Project 1:
The Web as a Rube Goldberg Machine

The Web was built around the concept of requests and responses - a constant back and forth between a server on the Internet and a browser on your computer. As it grew and expanded the need arose to get exchange going not just between a person and a machine but among many machines.

A user initiates a single action - a click of a button, a text entry, a page scroll - and the browser triggers a chain of events, most of them hidden behind the veil of the Cloud, to pass around some data from one server to another, like a ball in a pinball machine. The data can be used to request other data, to trigger different responses from servers, to capture more data. It can be formatted, rearranged, displayed in different contexts, - juxtaposed with other data.

In the spirit of Rube Goldberg's fascination with the mechanism over the end result - how can we build similar systems in the digital realm? What kind of data could be passed around? With services could be chained together to produce some unexpected outcomes? What would the triggers look like - and the end results? None of those need to be practical, efficient or even reasonable - the focus is on the celebration of the chains of events and the mechanisms that enable them.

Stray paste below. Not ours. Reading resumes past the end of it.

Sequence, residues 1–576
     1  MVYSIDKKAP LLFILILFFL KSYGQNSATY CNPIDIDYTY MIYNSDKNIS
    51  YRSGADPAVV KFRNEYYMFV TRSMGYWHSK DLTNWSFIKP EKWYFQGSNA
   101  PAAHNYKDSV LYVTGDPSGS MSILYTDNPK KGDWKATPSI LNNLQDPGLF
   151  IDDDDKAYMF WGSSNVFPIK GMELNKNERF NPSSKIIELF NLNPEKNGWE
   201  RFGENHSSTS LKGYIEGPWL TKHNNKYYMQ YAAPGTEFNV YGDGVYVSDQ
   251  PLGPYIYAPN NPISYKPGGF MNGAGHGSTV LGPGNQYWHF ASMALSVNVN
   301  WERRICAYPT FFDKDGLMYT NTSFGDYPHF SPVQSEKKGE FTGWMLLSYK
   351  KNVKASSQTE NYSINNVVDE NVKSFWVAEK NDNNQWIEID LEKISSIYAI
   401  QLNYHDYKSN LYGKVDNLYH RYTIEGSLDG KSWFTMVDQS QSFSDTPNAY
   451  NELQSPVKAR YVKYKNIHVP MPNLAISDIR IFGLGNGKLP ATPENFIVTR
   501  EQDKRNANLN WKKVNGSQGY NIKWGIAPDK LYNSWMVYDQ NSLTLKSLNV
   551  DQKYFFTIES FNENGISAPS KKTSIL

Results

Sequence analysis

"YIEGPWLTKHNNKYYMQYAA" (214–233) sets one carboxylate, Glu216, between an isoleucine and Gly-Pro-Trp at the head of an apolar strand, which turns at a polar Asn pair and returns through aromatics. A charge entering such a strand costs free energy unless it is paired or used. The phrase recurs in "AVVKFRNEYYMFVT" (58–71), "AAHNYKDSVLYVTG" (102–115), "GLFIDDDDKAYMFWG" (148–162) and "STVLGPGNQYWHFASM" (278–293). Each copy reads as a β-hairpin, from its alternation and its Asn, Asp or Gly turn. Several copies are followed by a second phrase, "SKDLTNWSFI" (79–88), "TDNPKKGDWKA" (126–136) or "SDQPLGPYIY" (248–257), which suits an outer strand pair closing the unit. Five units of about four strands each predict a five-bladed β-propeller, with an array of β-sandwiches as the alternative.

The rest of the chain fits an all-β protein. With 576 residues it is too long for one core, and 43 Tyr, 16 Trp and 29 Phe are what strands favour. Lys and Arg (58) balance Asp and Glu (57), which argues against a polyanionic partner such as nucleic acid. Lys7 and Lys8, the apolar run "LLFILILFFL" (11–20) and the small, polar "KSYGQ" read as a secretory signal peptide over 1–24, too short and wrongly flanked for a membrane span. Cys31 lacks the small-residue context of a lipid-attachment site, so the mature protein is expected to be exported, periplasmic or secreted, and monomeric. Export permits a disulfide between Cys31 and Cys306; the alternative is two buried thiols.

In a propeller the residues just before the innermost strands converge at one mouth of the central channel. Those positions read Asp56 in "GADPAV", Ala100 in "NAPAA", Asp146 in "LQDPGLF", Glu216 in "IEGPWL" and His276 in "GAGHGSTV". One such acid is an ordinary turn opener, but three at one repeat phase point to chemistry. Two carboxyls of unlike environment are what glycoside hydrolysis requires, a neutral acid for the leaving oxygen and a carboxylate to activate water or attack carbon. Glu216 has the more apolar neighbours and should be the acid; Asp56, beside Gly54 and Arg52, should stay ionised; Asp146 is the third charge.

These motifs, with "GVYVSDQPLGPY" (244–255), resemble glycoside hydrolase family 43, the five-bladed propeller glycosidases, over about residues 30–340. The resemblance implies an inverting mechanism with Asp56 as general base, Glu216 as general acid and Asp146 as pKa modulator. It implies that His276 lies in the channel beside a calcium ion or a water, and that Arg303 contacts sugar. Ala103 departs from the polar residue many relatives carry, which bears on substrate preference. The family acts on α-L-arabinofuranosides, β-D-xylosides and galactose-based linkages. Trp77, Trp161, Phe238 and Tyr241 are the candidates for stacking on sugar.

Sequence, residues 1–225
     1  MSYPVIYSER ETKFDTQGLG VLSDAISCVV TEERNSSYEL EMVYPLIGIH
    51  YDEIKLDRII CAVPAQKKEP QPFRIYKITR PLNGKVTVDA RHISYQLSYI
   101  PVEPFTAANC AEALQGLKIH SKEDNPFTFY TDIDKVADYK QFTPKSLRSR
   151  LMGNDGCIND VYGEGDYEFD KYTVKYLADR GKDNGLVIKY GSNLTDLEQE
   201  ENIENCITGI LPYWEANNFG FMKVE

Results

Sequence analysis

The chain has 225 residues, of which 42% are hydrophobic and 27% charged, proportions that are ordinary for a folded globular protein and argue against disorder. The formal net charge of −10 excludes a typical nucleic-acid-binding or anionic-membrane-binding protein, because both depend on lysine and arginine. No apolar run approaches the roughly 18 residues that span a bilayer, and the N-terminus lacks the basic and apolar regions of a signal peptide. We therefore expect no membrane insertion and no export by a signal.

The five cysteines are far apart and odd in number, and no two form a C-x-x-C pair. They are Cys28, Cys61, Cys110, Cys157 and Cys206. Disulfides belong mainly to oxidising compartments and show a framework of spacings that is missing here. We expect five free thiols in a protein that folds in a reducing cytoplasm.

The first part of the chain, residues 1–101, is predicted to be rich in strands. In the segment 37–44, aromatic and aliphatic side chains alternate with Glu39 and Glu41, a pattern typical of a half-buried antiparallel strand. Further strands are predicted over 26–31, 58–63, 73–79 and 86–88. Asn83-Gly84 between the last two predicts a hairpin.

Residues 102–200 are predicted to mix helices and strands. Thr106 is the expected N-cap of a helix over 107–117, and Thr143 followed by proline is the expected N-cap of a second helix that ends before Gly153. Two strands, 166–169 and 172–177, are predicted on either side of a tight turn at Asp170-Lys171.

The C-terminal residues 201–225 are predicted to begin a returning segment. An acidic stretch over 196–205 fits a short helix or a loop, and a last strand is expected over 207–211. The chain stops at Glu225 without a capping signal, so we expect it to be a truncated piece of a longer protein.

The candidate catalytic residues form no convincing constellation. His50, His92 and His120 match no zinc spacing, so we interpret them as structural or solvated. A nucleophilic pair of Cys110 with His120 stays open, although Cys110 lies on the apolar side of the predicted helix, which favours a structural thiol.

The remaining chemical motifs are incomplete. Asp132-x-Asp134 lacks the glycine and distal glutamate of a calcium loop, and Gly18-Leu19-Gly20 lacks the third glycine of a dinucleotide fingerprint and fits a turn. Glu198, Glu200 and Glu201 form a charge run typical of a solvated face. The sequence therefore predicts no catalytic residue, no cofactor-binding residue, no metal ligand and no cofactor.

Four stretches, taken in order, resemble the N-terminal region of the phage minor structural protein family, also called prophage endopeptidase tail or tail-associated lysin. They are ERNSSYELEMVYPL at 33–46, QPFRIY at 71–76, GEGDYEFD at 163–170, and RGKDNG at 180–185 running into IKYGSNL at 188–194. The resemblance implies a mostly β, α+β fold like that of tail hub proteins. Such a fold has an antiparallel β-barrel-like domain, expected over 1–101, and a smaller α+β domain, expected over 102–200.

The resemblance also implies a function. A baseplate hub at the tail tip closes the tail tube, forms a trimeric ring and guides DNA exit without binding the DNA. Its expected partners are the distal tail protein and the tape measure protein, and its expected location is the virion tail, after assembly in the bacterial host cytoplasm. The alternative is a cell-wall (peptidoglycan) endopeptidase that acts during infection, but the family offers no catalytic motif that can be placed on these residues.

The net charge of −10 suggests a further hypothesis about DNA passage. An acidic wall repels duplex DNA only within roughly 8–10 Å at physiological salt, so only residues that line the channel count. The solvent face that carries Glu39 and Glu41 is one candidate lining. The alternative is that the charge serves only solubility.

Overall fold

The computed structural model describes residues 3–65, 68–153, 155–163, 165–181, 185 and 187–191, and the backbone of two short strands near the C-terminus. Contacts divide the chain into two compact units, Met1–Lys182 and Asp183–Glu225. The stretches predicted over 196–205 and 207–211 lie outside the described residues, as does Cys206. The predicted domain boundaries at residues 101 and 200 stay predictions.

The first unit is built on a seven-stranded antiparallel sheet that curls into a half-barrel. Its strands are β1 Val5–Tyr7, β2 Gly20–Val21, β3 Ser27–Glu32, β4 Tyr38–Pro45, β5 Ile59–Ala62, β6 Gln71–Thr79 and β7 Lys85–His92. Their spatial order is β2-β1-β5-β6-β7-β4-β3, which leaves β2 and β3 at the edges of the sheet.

Working in groups:

  • Blake and Yining
  • Zeyu and Yiran
  • Yue, Alan and Mario
  • Hongming, Shiyi and Zoey
  • Zhuoyu & Qianyue


  • Create and publish a live site where your causal chain mechanics can be experienced. You can use GitHub Pages of any other service.
  • Add an "About" page with the description of the project, diagrams of the mechanics, and responses to the questions in the brief. Add videos to the page as needed.

>>> Weekly Schedule

Week 1: Jan 21 - 27

In-class: Firday Jan 21
  • Web components: protocol, tools, technologies and methods. Covers TCP/IP, HTTP, HTML/CSS/JavaScript, WebHooks, APIs (REST). Presentation Deck.
  • Workshop: Connecting a GitHub repo to Discord, to Slack via IfTTT.
  • Zoom recording
  • Selecting a topic and forming working groups.

Create a proposal with a diagram(s), outlining the triggers, the events and the outcomes.

Office hours: Tuesday Jan 25

Review proposals, suggest tools and research.

Week 2: Jan 28 - Feb 3

In-class: Friday Jan 28


Build a Web app initiating requests, retreiving data, and implementing other mechanics of the project

Office hours: Tuesday Feb 1

Using OAuth, creating local server to catch webhook events

Week 3: Feb 4 - 10

  • Workshop: Interface design and implementation for the apps, troubleshooting.
  • Project 1 show and tell.

Finish and polish your documentation online.

Project 2:
Multiplayer Manufacturing Online Sitting Arena (MiMOSA)